Tag Archives: Hiking

Trail Names

Brent and I had been using our alter-egos, “Lula Bruises” and “Shotgun Bobby,” as trail names until we earned ones. Our friends, Tim & Ireland, came up with our names at the NOC while they were waiting for us. They had a couple of days to think about it. We are now “Bed” & “Breakfast.”


A Long Way to Maine

It seems more than a week ago that Brent’s parents dropped us off at the approach trail in Amicalola Falls. Maybe time moves at a slower pace in the wilderness or maybe it’s just my tired, blistered, unfit feet telling me this. Regardless, it has been a wonderful journey from the falls to our first resting place in Helen, Georgia. We are two days of hiking from our first state line, which provides enough motivation to wake up in the morning and hit the trail again.

Among this motivation, we have witnessed the kindness of many trail angels and the beauty that lies beyond roadways. Trail magic. Wow. It’s been overwhelming how locals and fellow hikers have responded to us straggling thru-hikers. We’ve been offered rides, picked up on highways and given fuel, water tablets and food. Nature. Amazing. We’ve witnessed a momma bear usher her three cubs down a tree trunk, an eerie owl prowl for food below in leaf litter, a rattlesnake (that I nearly stepped on) slither across the trail, a turtle hide away within its shell, and a turkey looking bird dart in front of us.

I’d love to elaborate on the trail angels with whom we’ve crossed paths and acknowledge them by their names and good deeds, but it will have to wait until the next post. We’re already looking at a short night’s sleep, and we have fourteen miles to hike when morning arrives.

There were some strong storms back home tonight. I hope everyone is safe and sound with power! Until next time, happy hiking!

Springer Mountain to Justus Creek

The Get Out More Tour

The Get Out More Tour

Brent and I ran across this ad in Backpacker Magazine and decided to take a road trip to Nashville to attend the session at Bass Pro. This 75-minute seminar held by Sheri and Randy Propster included information on a local hike, trip planning advice, safety tips, and gear reviews. Their display included many gear items that have yet to hit the shelves! As we perused the display table, we found several items that we had not seen before. The most appealing aspects of these items were their efficiency, light weight, and compactness. We purchased our gear around March of 2010, and already we have witnessed the rapid innovation in backpacking equipment. For example, we saw a water bladder with an in-line filter. By combining a filter with the bladder, one more item is eliminated from your pack. In addition, the in-line filter is about half the size of the Katadyn Hiker Pro that we purchased last year. Another product that caught our attention was the Sea-to-Summit ten liter (2.6 gallon) Pocket Shower, which holds enough water for eight and a half minutes of rub-a-dub greatness. During our rim-to-rim hike in the Grand Canyon, we carried Stearns Sun Shower, a 2.5 gallon luxury weighing 12.8 ounces. Although it is more of a base camp shower with its reinforced plastic handle and shower hose, which makes for awkward packing, we appreciated the morale boost of slipping into our sleeping bags without the grit and grime of every mile we hiked. We even deemed it worthy of worship by naming it “Golden Buddha.”However, when Brent decided to include it on his packing list for the Appalachian Trail thru-hike, I thought him crazy. The Sea-to-Summit Pocket Shower offers the same comfort, compacted into a small carrying pouch and weighing only 4.25 ounces. The Soto Pocket Torch is a 1.8 ounce fire starter that converts a disposable lighter, excluding Bics, into a wind-resistant burner. If I had one of these on the oh-so-many, windy camping nights I spent trying to light a fire or grill, I would have avoided the frustration that resulted in fist fights with the air and dust kicking. We have ordered the torch and shower from Top Spot, our local outdoors store, and will be including them on our gear list. An item I will not include in my pack but would love to have for future backpacking trips on the Colorado Plateau is the Celestron SkyScout Personal Planetarium, which was also displayed at The Get Out More Tour session. This 2.4 lb. gadget uses GPS technology to locate and identify over 6,000 stars, planets, and constellations with the click of a button. If I am ever able to afford this (it’s listed for $299 on Amazon), I will be sure to write a review for my fellow star-gazers. For those who enjoy taking photos but fear destructing their camera on rainy days and rocky climbs, the Pentax Optio W90 seems a nice option.  Sheri and Randy completely submerged it in water and then passed it around for the group to take test shots.  The photo quality wasn’t much different from my personal digital camera, which cost more than the $280 Pentax. According to a review in the April 2011 issue of Backpacker Magazine, this 6 oz. camera is “waterproof up to twenty feet, shockproof to four feet, and freeze proof to 14°F.” Pretty impressive!  And if you’re interested in a trekking pole that doubles as a camera mount, the Pentax fits on the Leki Sierra SAS Trekking Pole. The last item I will mention is the emergency kit that the couple assembled. I found its organization fascinating. The kit included items such as tinder, a mini compass, matches, duct tape, safety pins, paper and a pencil. I will post an entry on the contents of an emergency kit in the future. This session was informative and allowed us to see what outdoors companies are creating to accommodate backpackers. If Sheri and Randy are heading in your direction, I recommend attending the session. They will be sure to share information on a beloved trail in your area and, best of all, they will be giving away backpacking gear! Happy hiking!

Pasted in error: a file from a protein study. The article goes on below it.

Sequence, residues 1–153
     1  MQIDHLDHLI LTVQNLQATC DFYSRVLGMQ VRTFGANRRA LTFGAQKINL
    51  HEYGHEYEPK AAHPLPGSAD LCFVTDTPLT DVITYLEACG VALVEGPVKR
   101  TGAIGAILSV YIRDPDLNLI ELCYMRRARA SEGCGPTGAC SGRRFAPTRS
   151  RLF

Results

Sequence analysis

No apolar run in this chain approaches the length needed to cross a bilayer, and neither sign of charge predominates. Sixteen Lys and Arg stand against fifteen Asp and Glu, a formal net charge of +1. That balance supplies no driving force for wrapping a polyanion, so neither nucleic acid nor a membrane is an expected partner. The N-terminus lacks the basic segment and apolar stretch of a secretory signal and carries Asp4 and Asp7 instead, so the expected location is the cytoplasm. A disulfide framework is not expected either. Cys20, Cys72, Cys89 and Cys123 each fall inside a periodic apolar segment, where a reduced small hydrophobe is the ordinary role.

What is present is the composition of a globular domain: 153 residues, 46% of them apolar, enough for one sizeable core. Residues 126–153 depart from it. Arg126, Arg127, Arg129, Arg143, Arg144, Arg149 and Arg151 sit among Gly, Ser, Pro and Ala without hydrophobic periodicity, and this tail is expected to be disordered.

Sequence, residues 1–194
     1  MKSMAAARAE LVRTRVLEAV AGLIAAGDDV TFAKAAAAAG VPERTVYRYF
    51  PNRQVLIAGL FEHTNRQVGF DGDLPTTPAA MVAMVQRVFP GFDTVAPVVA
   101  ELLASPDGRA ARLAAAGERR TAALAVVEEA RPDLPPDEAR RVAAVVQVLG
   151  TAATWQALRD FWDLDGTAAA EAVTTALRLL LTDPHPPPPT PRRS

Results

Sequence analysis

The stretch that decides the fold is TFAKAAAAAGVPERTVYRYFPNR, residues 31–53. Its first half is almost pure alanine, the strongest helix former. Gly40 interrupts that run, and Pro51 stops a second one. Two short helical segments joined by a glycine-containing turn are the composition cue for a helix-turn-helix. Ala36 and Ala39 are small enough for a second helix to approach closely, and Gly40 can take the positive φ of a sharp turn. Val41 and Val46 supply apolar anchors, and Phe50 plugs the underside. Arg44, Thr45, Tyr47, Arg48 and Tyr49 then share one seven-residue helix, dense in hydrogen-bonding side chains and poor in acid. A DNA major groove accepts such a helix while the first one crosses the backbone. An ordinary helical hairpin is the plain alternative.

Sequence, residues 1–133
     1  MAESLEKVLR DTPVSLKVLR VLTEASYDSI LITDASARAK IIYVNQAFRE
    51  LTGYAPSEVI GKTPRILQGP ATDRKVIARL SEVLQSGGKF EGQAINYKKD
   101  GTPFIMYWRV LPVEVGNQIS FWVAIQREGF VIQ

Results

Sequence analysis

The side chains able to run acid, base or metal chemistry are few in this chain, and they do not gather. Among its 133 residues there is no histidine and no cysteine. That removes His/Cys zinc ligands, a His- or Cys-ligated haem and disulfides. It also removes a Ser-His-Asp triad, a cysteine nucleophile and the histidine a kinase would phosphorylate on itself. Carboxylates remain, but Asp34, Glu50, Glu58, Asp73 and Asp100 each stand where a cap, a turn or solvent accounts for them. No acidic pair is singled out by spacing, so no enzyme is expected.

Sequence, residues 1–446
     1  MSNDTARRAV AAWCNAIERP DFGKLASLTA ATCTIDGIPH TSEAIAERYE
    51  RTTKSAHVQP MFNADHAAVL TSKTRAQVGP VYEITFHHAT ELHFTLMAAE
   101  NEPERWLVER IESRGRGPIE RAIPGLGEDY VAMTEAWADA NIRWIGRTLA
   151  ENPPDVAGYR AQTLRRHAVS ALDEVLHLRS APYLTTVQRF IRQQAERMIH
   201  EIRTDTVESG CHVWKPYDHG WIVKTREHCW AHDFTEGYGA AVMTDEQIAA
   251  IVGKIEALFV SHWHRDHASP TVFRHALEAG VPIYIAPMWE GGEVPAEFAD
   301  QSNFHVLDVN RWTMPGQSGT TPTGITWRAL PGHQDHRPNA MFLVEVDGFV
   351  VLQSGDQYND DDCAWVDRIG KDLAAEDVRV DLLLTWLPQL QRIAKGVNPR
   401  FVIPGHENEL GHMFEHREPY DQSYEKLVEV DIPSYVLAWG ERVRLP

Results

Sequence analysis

Gear Gallery